January 1 I Saturday
“Therefore encourage one another and build each other up, just as in fact you are doing.” —1 Thessalonians 5:11
In 2007, Apple introduced the iPhone, a smartphone designed to enable connection anywhere, anytime. With a device smaller than a computer, a person could surf the internet, stream videos and post on social media. For example, I could go on YouTube, subscribe to content producers and have millions of videos streamed into my device that I could take anywhere with me. In fact, I could get notifications sent, alerting me of new content that they have created. There are algorithms studying my behaviour to lob ever more interesting applications. Yet, what sociologists are noticing is that while technology has some positive impact on society, it is actually having negative impacts as well on its users.
Since people are connecting with friends digitally, they are not hanging out with friends physically. They are not learning social cues about presence, and all the other senses we engage with when we learn how to socialize in group settings. This actually leads to less dating amongst young people, because there is less acumen in knowing how to relate to the opposite sex, go on a date or how to be a gentleman or an upstanding woman. All of these things are being threatened as young people spend less time physically together. Additionally, this leads to less sleep, as the blue light inside these technologies activates our cerebral cortex and stimulates us, making it harder to go to sleep at night. The more digitally connected people are getting, the more lonely they feel. We have seen a sharp rise in that since the onset of the smartphone.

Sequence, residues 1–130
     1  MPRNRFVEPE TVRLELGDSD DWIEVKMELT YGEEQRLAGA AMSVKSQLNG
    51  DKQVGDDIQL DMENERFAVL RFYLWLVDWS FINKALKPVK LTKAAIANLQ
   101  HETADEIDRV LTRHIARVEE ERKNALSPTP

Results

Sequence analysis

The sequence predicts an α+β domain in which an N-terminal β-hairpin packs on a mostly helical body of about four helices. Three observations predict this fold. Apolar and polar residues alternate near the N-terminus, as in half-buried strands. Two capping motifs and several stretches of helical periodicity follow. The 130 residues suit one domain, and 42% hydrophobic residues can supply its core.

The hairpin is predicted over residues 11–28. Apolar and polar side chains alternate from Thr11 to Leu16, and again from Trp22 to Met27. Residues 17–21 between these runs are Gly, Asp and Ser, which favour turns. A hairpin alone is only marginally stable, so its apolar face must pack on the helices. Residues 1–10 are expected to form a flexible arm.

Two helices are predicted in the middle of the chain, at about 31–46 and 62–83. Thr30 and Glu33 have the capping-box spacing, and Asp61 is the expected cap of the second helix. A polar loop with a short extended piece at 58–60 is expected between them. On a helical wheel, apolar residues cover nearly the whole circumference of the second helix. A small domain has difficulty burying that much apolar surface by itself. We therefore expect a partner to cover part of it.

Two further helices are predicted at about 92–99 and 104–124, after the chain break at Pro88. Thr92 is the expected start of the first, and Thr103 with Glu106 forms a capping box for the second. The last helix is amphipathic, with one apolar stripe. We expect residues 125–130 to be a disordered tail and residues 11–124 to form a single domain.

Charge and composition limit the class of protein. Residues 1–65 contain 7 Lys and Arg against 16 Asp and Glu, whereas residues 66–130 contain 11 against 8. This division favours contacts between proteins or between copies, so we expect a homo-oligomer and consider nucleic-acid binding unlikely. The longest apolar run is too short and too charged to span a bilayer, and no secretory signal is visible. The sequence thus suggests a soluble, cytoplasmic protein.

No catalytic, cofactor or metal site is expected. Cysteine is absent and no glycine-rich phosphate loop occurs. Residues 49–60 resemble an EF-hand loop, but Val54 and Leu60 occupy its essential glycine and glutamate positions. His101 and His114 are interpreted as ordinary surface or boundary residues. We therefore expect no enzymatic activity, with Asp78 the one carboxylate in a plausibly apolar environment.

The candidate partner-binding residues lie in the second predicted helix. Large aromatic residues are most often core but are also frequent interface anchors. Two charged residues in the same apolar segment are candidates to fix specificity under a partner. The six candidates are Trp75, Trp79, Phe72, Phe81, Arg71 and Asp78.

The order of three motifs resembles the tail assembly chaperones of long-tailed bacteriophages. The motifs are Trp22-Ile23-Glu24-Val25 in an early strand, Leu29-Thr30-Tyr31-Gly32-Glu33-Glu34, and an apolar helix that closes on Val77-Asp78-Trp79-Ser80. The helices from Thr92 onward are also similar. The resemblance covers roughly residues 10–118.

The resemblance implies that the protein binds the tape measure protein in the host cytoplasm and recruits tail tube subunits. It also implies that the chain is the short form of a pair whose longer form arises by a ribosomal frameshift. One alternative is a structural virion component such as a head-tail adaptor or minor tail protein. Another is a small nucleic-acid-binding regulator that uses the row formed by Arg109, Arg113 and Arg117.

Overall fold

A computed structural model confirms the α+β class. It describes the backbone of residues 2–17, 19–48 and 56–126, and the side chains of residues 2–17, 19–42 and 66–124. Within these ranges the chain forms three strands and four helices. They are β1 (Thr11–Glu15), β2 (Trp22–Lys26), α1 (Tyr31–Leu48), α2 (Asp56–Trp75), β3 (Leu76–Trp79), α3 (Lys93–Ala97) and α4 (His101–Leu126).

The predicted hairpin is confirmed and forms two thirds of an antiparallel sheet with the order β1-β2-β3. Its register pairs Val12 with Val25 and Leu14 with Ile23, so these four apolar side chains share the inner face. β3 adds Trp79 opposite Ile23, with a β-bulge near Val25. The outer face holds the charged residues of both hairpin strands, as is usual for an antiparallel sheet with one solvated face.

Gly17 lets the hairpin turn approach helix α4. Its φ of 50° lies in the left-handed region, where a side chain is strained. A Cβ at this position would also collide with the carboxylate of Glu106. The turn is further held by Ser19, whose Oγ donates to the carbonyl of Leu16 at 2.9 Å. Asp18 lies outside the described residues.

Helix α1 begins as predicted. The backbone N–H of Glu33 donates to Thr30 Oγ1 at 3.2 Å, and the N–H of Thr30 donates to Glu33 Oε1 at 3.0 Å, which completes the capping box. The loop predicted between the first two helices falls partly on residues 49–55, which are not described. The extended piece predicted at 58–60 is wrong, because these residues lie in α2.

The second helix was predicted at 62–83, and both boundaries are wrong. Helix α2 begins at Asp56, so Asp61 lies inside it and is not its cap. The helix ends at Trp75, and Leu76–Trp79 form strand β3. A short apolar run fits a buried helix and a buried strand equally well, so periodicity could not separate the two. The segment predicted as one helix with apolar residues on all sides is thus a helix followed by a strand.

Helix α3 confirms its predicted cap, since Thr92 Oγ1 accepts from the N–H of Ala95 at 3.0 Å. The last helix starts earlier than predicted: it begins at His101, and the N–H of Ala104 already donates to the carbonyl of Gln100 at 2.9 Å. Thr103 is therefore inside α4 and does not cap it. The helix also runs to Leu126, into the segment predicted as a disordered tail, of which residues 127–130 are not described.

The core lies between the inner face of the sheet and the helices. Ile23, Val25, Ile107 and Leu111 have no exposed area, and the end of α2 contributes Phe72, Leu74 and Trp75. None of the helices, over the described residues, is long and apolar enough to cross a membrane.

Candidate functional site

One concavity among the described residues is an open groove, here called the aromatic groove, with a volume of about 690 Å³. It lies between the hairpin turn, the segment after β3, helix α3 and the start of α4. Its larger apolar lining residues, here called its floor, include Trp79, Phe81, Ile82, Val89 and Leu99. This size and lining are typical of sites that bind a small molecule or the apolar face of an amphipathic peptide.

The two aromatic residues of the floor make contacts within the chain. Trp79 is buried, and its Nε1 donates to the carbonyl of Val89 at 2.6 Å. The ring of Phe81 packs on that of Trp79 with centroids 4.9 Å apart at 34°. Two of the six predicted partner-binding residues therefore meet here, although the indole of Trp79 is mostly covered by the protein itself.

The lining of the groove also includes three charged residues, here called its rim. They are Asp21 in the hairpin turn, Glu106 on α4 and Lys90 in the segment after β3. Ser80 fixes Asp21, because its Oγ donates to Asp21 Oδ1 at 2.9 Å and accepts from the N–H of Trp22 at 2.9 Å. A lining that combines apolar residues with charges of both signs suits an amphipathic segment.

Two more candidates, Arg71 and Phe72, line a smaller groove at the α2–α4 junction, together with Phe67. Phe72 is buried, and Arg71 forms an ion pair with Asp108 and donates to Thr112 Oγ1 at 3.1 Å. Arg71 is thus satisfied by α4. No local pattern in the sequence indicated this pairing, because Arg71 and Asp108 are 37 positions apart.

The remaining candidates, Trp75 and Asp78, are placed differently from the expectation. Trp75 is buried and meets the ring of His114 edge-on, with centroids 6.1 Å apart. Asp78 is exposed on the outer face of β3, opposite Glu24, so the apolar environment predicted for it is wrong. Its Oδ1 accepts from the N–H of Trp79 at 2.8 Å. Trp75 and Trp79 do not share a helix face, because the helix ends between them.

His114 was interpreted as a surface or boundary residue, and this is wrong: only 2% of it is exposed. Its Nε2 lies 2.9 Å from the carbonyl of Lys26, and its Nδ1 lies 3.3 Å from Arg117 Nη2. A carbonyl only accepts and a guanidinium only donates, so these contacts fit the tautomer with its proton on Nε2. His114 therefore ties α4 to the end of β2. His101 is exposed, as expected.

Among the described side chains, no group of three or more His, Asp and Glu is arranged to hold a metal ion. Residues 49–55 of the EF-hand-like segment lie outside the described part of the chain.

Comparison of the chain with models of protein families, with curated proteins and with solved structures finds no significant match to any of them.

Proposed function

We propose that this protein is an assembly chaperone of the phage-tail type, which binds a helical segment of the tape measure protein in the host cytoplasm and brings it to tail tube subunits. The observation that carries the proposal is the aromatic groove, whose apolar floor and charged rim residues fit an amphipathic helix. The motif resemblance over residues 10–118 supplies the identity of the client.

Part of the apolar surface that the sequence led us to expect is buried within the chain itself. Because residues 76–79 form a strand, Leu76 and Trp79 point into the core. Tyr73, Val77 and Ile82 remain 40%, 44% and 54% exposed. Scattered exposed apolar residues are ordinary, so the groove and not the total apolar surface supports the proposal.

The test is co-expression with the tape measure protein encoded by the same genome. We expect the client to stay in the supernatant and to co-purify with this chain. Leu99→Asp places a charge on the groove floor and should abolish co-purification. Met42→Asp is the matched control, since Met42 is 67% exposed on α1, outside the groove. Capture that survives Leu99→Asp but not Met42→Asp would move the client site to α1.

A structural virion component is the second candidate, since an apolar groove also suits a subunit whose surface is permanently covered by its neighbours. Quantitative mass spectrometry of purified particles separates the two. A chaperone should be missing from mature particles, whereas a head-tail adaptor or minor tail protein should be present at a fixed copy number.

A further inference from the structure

We have all felt the symptoms of that this past year, haven’t we? We may agree that it is nice to connect digitally, but who is not sick of relationships mediated through a screen? With the rise of mental health challenges during the pandemic more than any other year, we have seen that technology, while promising relationship and connectivity, oftentimes over-promises and under-delivers.
We may depend on technology, but we also need to recognize its limitations. We have felt those limitations this past year as we miss socialization and shared presence. In fact, I noticed my neighbours are more “neighbourly,” wanting to linger together more than any other time in the last ten years that we lived in our current neighbourhood—why? Because there is a deficiency in technology, as we are created for community.
Maybe this pandemic has brought about some bad behaviours in us, but it also revealed the necessity for relationships. We long for it. As we start this New Year, may we make a resolution to be intentional with connecting with others outside of the screen, and share the love of Christ with them.
Prayer: Glorious God, thank You for creating human beings, and making us relational, because You are relational. Limit my time on the screen and open my eyes to see whom I can intentionally connect with. Amen!